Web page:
The media should not be ‘trying’ the Commissioner

Dear Editor,

The conduct of the press in reporting the alleged rape purportedly committed by the Commissioner of Police is outrageous to say the least.

In as much that the Commissioner has not been charged to date, the common law has long recognised that adverse pre-trial publicity can prejudice a fair trial. In AG v Times Newspapers Ltd Lord Diplock stated the principle thus:

“The due administration of justice   requires… that all citizens… should be able to rely upon obtaining in the courts the arbitrament of a tribunal which is free from bias against any party and whose decision be based upon those facts only that have been proved in evidence and deduced before it in accordance with the procedure adopted in the courts of law.“

Later in AG v English Lord Diplock said:

“Trial by newspaper, or as it should be more compendiously expressed today, trial by media is not to be permitted in this country… the true course of justice must not at any stage be put at risk.”
Despite the constitutional guarantee of freedom of expression there are also constitutional limitations which protect the rights of persons concerned in legal proceedings or prospective legal proceedings. The poison of prejudice must be kept away from the well of justice in order to preserve the constitutional right to a “fair trial.”

In England adverse pre-trial publicity is now punishable under the Contempt of Court Act 1991.

In the recent case of R v Abu Hamza UK (2007) the Lord Chief Justice made it clear that proven prejudice, or risks of prejudice may prejudice a fair trial. He said:

“The risk that members of a jury may be affected by prejudice is one that cannot wholly be eliminated. Any member may bring personal prejudices to the jury room and equally there will be a risk that a jury may disregard the directions of the judge when they consider that they are contrary to what justice requires. Our legal principles are designed to reduce such risks to the minimum, but they cannot obviate them altogether if those reasonably suspected of criminal conduct are to be brought to trial… Prejudicial publicity renders more difficult the task of the court, that is of the judge and jury together, in trying the case fairly. Our laws of contempt of court are designed to prevent the media from interfering with the due process of justice by making it more difficult to conduct a fair trial.” In R v Hassan and Caldon (1995)  the judge stayed criminal proceedings because of adverse pretrial publicity. The judge held that the article published by the News of the World was grossly prejudicial. The News of the World was later cited for contempt and fined £50,000.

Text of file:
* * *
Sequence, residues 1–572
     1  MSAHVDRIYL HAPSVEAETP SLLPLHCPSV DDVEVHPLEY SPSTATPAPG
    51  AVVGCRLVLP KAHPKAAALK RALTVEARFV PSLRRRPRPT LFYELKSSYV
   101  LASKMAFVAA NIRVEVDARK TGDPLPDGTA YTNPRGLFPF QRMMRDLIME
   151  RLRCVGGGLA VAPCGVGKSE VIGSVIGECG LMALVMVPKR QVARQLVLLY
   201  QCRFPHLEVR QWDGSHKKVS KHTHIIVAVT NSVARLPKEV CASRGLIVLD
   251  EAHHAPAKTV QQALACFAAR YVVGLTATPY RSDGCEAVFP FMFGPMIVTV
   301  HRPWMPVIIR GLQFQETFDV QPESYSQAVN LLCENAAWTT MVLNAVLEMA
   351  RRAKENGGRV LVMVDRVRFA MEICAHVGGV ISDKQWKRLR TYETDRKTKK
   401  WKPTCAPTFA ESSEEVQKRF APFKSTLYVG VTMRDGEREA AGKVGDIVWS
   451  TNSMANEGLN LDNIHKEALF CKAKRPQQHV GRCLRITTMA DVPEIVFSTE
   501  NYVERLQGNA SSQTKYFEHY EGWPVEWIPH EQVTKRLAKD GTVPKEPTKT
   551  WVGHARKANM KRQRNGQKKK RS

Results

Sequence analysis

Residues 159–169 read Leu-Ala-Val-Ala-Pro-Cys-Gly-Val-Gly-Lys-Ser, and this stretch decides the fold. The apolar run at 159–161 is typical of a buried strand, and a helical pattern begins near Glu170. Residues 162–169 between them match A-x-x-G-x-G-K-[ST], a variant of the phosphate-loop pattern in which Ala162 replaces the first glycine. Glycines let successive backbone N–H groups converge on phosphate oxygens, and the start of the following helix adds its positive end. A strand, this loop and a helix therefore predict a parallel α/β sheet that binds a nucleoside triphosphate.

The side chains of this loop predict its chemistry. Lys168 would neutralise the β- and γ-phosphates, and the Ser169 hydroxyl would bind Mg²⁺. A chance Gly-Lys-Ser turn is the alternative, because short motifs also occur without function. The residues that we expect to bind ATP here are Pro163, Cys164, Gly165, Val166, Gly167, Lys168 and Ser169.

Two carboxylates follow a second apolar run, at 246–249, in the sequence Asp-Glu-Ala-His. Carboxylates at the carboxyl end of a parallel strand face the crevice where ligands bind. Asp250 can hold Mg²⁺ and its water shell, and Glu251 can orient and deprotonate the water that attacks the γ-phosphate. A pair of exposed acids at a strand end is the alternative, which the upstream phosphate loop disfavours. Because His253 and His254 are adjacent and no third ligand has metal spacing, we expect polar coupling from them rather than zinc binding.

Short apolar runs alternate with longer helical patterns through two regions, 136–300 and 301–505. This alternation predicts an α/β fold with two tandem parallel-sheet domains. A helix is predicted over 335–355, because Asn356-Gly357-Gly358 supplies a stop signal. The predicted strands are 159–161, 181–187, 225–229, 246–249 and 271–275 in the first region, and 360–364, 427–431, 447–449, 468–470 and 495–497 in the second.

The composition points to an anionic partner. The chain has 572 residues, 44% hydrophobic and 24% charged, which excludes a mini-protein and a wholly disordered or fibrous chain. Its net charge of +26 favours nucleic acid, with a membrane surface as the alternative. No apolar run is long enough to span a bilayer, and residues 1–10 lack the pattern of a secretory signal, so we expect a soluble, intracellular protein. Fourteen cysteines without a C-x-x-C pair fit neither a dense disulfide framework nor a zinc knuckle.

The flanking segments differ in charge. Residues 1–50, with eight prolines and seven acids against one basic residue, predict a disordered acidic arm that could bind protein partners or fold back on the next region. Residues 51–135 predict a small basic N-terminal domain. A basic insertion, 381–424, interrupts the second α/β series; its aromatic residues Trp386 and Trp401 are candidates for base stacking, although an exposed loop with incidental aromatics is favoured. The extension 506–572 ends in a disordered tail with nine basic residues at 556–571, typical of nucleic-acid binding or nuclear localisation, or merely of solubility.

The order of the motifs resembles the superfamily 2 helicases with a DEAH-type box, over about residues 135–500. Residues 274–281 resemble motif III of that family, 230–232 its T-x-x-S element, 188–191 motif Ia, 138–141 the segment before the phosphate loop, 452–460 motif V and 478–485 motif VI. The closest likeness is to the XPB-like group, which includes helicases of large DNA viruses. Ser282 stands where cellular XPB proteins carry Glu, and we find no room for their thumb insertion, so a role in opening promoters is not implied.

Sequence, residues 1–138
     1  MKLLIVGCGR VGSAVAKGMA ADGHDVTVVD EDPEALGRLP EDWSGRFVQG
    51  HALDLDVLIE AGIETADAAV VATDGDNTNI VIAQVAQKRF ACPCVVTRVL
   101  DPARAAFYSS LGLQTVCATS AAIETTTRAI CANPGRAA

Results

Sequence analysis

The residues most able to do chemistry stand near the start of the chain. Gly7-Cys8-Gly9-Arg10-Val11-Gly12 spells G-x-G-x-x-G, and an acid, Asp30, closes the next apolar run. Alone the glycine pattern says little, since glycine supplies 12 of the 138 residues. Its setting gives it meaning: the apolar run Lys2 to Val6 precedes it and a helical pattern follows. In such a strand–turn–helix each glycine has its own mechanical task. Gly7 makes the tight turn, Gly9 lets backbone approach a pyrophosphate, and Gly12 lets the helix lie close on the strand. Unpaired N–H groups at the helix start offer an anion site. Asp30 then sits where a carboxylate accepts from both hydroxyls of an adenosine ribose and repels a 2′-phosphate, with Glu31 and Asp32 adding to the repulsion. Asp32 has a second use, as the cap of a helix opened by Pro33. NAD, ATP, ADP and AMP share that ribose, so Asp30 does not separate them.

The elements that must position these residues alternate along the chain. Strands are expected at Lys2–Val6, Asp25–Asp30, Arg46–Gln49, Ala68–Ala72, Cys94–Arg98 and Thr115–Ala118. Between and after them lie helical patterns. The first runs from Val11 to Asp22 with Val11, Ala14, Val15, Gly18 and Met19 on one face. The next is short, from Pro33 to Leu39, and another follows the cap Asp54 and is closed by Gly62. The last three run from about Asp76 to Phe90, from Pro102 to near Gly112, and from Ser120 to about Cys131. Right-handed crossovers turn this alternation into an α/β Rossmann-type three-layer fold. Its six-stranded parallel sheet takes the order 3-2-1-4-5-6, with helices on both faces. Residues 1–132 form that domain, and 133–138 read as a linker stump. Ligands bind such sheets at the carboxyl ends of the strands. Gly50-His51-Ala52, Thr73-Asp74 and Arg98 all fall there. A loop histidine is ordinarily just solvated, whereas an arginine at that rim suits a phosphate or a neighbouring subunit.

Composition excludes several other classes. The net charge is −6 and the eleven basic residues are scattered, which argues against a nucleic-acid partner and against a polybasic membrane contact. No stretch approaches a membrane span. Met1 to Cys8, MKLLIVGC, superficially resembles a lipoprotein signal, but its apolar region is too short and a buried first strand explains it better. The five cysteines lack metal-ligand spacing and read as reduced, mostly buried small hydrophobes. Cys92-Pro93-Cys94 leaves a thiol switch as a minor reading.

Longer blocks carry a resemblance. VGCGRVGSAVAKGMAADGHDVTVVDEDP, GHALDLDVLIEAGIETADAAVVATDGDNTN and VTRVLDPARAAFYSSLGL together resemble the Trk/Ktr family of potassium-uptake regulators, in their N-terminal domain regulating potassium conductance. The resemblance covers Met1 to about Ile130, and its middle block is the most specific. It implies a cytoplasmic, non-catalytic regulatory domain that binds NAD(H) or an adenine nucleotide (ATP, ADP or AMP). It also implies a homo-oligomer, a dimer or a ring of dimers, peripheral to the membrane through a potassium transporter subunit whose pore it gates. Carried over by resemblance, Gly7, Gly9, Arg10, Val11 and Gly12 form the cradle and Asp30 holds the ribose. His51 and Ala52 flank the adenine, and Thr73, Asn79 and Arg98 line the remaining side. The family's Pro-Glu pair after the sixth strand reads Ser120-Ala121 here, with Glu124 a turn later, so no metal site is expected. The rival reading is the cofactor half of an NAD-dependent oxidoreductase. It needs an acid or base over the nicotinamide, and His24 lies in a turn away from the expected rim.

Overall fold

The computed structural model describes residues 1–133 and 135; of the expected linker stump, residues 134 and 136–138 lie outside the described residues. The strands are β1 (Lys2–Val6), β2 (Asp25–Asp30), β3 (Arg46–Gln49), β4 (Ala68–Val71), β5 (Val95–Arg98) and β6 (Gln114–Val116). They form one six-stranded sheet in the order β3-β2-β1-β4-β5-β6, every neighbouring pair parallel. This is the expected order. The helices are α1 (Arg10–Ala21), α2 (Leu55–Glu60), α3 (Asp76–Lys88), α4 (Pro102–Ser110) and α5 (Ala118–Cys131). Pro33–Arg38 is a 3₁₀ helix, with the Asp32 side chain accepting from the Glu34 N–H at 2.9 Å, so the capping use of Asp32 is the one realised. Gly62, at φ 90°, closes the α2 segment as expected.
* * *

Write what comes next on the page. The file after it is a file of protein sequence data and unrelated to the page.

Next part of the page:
Since the allegation was made public it is clear from the press reports and from reports from other quarters that the Commissioner has been tried in the court of public opinion and found guilty. The press is now congratulating itself for a case argued in public. Should the Commissioner be charged the conduct of the press is likely to give rise to several pre-trial issues.

The rule of law requires and our constitution provides that a person who is accused of an offence is innocent until he is proved guilty. All lawyers should be aware of that golden rule. It is difficult to understand therefore how the lawyer-politicians Ramjattan and Trotman have allowed the very breach of principle of which they have from time to time been accusing the PPP government of committing. They are demanding that Commis-sioner resign or be dismissed on an allegation made by a woman.

The recent case of the head of the IMF, Dominic Strauss-Kahn, is testimony that one should not condemn on a complaint because an allegation of rape is not proof of rape. The same prosecutors who instituted the charges upon further consideration of the woman’s allegation of rape were obliged to confess to the court that the complainant was not a credible witness and in the circumstances were forced to withdraw the charges against Mr Strauss-Kahn.

So those who are prematurely calling for the dismissal or resignation of the Commissioner should first seek to
ascertain whether what the complainant has told the news media is the whole story and on an examination of her character whether the allegation of rape is credible or whether she lacks credibility.

Yours faithfully,
Neil Aubrey Boston

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